I've been trying to follow along with all the examples in the walkthrough and there's something that I can't get to work and I can't for the life of me figure out WHY I keep getting this error message. It's for week 1 in the "sizeof" example.

When I do it exactly as he does it, I get this: enter image description here

I triple checked the syntax I don't think I've made any mistakes there... So I tried a little something different, and it half worked: enter image description here

and by half I mean that for some reason it compiles "char" and "int" just fine, but not "double" and "float" enter image description here

I'm not entirely sure I understand the error message at the bottom there, but I don't see why it wouldn't do the same thing for all four when they're written exactly the same....What on earth am I doing wrong?

2 Answers 2


Great approach, trying other things to evaluate differences. While it is true that you "do it exactly as he does it, ". It is the computer that is doing something different. Notice the difference between the clang in the course video (below) and the clang in your terminal window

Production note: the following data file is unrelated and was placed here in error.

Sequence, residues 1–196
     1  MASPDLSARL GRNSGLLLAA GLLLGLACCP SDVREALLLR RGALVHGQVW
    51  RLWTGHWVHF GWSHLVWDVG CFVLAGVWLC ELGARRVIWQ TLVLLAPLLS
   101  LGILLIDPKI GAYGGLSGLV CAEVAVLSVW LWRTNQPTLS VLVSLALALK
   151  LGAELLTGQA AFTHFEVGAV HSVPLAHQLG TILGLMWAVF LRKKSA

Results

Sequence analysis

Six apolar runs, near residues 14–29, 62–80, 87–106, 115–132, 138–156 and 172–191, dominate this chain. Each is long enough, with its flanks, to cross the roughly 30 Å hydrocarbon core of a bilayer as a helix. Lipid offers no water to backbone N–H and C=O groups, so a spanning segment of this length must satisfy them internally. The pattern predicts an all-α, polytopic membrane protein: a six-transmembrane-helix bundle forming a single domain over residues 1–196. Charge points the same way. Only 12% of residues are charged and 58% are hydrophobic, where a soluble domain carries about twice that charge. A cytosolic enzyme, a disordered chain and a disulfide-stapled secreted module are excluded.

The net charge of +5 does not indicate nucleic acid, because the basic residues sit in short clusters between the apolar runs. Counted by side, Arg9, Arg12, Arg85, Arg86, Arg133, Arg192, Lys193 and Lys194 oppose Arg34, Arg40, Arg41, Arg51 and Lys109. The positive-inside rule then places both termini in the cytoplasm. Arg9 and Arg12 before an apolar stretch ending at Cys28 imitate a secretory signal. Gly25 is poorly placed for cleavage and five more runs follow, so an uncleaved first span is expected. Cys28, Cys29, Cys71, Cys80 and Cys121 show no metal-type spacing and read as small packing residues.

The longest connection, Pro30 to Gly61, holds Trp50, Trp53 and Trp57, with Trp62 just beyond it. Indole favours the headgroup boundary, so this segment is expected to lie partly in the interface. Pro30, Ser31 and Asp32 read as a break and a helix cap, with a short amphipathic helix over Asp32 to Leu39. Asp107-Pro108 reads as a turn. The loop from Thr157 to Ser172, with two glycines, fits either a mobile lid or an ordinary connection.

clip from sizeof walkthrough

There have been many changes to the class environment since the video was made, some very subtle like this one.

The compiler itself is giving you guidance. The operator sizeof returns a value of type size_t. size_t is defined in some header file as an unsigned long. You need to use the (suggested) format string %lu, which means long unsigned. It is basically preventing an overflow error, because sizeof() can return a value much bigger than "%i" can handle.

In the second and third examples, "%i" is a valid format string for char or integer, so the compiler does not complain about the format string. But it is not valid for d. Obviously, char c = sizeof(c) has the same potential to overflow c as the printf. I don't know the compiler internals or diagnostics well enough to explain why it is doing stricter type matching in the case of printf.


When using a printf call like the ones you are doing, the format code has to match the value being printed. Otherwise, compiling will return errors like you are getting. %i is the format type to use for an integer variable. %c will print a char, but %i will print the ASCII value of a char instead. For a float, it should be %f, etc.

In the code where you were trying to use sizeof(), the function call to sizeof will return an unsigned long, so you need to use %lu.

Spend a little time and google "printf format specifiers in c" and read up on it.

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